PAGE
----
And former Speaker of the U.S. House Dennis Hastert, a Republican from Yorkville, avoids the glaring sunlight as he and his lawyers prepare for either a humiliating federal criminal trial or a quick plea deal followed by a bearable sentence. In May, Hastert was indicted by federal prosecutors for structuring the withdrawal of $1.7 million dollars in violation of bank laws and for lying to the FBI. According to numerous news reports, Hastert gave the money to a former student of Yorkville High School to compensate him for concealing Hastert’s alleged misconduct decades ago when Hastert was a teacher and coach at the school.
All four men were successful public figures, elected to serve multiple terms in the U.S. House. Early in their careers two of them, Jackson and Schock, were considered young rising stars. And when Reynolds was first elected, he was named to a coveted seat on the House Ways and Means Committee, an extraordinary appointment for a freshman congressman. Hastert served for 20 years in Congress. He stayed out of the limelight but eventually became a real star. He quietly rose to the position of speaker of the House just after the impeachment of President Bill Clinton. Schock dressed well, worked out and frequently posted photos of himself on Instagram. He was named the “Hottest Freshman” by the readers of the Huffington Post and some Republicans suggested he should run for higher office.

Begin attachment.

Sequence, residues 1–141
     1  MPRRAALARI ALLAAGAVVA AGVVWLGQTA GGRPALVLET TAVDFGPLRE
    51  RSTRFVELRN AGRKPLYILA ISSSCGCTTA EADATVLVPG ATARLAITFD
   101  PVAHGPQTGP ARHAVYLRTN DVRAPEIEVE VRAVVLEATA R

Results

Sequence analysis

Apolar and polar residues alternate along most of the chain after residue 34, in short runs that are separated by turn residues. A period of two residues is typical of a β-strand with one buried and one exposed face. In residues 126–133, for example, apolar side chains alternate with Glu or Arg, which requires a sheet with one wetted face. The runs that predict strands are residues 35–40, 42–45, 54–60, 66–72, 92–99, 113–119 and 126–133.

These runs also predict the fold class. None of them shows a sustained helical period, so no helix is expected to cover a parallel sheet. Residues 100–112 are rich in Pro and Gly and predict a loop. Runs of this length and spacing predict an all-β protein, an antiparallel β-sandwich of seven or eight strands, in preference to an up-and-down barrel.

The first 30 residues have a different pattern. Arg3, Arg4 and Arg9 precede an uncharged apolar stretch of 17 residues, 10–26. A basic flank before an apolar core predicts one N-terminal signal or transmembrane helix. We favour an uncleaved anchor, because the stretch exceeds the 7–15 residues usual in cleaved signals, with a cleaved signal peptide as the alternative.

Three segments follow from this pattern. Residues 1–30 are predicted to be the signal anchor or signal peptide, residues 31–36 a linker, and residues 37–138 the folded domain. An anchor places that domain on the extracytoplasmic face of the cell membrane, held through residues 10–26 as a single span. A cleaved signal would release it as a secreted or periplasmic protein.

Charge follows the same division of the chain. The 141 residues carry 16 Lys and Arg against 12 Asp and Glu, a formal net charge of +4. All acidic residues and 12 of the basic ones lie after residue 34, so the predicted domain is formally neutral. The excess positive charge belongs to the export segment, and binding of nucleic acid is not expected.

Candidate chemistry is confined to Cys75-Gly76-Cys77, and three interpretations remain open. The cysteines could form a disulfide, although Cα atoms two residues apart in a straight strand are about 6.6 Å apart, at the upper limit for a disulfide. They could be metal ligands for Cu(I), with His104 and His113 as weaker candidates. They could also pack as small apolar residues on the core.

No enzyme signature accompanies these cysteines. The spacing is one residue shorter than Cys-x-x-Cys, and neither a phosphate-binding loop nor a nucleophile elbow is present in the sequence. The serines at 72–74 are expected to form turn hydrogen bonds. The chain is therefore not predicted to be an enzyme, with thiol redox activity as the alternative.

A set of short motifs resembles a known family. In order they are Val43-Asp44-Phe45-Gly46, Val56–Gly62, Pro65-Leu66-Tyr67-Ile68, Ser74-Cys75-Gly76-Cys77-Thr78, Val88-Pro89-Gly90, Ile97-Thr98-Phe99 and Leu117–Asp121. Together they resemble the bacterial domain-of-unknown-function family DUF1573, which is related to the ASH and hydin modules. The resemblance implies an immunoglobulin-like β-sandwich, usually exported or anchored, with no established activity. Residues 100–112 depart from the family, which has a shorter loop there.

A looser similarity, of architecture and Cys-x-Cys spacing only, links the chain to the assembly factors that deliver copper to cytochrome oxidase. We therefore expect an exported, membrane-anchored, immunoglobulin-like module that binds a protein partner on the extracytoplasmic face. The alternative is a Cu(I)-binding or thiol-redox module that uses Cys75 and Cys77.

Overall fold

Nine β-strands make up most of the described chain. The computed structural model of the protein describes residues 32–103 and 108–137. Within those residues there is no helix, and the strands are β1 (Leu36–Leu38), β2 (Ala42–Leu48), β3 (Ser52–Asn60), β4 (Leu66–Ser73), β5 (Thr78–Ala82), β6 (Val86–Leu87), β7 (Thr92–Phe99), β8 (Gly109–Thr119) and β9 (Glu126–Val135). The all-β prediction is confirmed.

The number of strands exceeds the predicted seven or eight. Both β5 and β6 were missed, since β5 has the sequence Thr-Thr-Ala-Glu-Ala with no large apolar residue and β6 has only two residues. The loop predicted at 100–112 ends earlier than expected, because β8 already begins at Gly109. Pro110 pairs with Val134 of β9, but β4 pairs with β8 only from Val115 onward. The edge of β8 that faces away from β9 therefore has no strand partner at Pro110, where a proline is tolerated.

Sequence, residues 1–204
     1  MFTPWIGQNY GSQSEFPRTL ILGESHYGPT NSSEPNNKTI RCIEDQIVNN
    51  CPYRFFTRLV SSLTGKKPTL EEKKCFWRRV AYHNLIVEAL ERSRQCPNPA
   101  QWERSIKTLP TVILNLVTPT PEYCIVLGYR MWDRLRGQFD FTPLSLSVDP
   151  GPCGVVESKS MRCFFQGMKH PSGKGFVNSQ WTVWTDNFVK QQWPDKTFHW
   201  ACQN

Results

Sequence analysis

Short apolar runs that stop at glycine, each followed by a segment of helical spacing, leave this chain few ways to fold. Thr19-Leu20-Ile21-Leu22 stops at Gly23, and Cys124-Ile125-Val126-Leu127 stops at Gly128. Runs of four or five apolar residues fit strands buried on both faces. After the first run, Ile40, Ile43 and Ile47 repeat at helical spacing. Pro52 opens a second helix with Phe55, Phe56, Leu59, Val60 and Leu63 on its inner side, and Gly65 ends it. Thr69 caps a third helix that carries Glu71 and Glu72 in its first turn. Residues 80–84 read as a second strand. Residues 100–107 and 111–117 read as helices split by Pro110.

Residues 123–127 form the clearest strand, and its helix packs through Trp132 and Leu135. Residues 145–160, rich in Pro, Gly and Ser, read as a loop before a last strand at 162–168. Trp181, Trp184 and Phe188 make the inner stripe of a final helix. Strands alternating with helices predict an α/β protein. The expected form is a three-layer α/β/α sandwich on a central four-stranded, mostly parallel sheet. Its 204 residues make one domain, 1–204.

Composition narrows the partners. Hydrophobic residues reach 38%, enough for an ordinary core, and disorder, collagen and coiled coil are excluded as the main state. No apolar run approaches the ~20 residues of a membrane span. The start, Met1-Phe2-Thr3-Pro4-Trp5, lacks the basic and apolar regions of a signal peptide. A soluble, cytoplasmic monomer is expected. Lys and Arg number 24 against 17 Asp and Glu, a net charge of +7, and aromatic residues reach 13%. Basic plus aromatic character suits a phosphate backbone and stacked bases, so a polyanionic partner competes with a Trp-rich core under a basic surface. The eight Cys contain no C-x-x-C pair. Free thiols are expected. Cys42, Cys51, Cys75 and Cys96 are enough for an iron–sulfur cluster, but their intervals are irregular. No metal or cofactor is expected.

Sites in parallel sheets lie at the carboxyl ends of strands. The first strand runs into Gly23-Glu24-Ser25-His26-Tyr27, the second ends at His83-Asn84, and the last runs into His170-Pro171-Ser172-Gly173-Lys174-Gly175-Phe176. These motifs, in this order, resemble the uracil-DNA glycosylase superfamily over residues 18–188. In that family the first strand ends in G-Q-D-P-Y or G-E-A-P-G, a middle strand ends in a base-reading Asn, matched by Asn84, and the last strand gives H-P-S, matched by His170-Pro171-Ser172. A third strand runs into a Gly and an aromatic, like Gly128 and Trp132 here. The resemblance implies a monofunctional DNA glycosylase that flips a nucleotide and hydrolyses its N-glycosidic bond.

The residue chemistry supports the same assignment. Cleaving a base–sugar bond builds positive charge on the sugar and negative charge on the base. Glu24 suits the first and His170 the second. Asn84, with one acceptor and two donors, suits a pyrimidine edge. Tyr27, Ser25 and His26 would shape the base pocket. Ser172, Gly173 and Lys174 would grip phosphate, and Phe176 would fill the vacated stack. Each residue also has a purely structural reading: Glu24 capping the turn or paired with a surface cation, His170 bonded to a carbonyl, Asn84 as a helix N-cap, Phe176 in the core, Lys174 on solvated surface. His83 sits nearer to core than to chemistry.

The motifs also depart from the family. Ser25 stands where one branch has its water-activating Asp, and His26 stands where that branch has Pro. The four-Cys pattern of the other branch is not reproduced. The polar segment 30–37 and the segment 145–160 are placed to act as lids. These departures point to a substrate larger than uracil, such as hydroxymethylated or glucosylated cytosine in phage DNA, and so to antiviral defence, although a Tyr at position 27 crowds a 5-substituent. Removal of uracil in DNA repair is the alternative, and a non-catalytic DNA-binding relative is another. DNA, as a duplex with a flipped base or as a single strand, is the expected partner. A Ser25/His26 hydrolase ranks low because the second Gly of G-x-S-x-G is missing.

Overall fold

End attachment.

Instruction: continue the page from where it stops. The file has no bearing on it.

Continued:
Now this August, as a domineering El Niño shoves sweltering hot air through the Prairie State’s 18 congressional districts, the reputations of these former high-flying stars have crashed like four flamed-out meteorites, plunging one after another into a dusty soybean field. Their flaming downfalls were chronicled in front-page newspaper stories and on “breaking” TV and radio broadcasts for all to see and hear. Their colleagues, friends and families and many voters said they were shocked when they learned the embarrassing details of the congressmen’s previously secret transgressions.